A 2-year-old male child was admitted to our emergency clinic as a result of tractor crash accident. The patient fell from a moving tractor and the back wheel of the tractor had passed over the child’s thorax. There was no pathologic finding in the physical examination. Although the patient appeared well and we did not suspect a serious injury, we performed all standard emergency diagnostic procedures. The abdominal and thoracic ultrasonography (USG) examination in the emergency service was normal. Thoracic computed tomography (CT) scan revealed severe parenchymal contusion at the right lung and minimal contusion at the left lung, bilateral minimal pneumothorax, irregularity of the right diaphragmatic contour that was described as micro perforation-rupture (the free air was just in the perihepatic and retroperitoneal area and not passing through the abdomen) and a hypodense area compatible with contusion on the liver and spleen [Figure 1]. The patient was followed-up for 1 week in the hospital with the diagnosis of retroperitoneal DR. The patient’s vital signs were stable and laboratory tests were normal during treatment. The patient did not require any surgical intervention. The control CT scan was normal. The patient was discharged from the hospital without any complications.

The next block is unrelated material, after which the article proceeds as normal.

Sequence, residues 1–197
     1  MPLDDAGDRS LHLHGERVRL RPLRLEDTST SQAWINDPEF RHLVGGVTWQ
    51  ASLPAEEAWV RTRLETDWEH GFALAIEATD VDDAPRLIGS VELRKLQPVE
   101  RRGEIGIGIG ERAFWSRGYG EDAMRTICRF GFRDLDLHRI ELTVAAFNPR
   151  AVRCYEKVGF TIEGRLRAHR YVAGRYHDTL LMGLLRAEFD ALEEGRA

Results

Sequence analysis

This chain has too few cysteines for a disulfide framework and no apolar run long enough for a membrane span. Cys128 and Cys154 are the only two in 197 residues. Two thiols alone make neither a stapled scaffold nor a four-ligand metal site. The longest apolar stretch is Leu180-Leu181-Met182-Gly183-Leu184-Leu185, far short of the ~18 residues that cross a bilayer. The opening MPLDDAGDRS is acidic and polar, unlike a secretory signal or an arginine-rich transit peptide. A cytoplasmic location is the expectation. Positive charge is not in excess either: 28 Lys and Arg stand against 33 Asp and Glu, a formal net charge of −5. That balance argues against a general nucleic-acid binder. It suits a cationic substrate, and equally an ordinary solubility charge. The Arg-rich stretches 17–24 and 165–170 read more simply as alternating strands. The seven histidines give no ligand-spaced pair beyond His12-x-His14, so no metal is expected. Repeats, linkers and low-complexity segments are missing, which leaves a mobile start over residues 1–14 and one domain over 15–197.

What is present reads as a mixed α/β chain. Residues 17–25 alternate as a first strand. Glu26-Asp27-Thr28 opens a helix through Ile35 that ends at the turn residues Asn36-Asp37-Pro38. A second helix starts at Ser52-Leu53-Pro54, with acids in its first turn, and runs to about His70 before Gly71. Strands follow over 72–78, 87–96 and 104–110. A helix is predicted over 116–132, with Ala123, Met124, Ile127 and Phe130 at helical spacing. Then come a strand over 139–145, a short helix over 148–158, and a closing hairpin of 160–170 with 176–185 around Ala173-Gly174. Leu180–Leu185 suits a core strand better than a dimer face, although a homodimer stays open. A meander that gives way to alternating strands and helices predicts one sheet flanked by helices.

Although reported cases of DR in children are rare in the literature, and because motor vehicle accidents are increasing day after day, the number of reported cases tends to increase. There are several mechanisms leading to diaphragm rupture after a blunt trauma. These mechanisms are avulsion of the attachments of the diaphragm or shearing of the stretched membrane after right or left lateral impact to the chest wall, rib fracture fragments directly penetrating the diaphragm and a sudden increase in the intraabdominal pressure throughout the abdomen with the relatively weak, unprotected left diaphragm tearing from the force. The right hemidiaphragm is also protected from abdominal impact by the energy-absorbing liver.[4,5]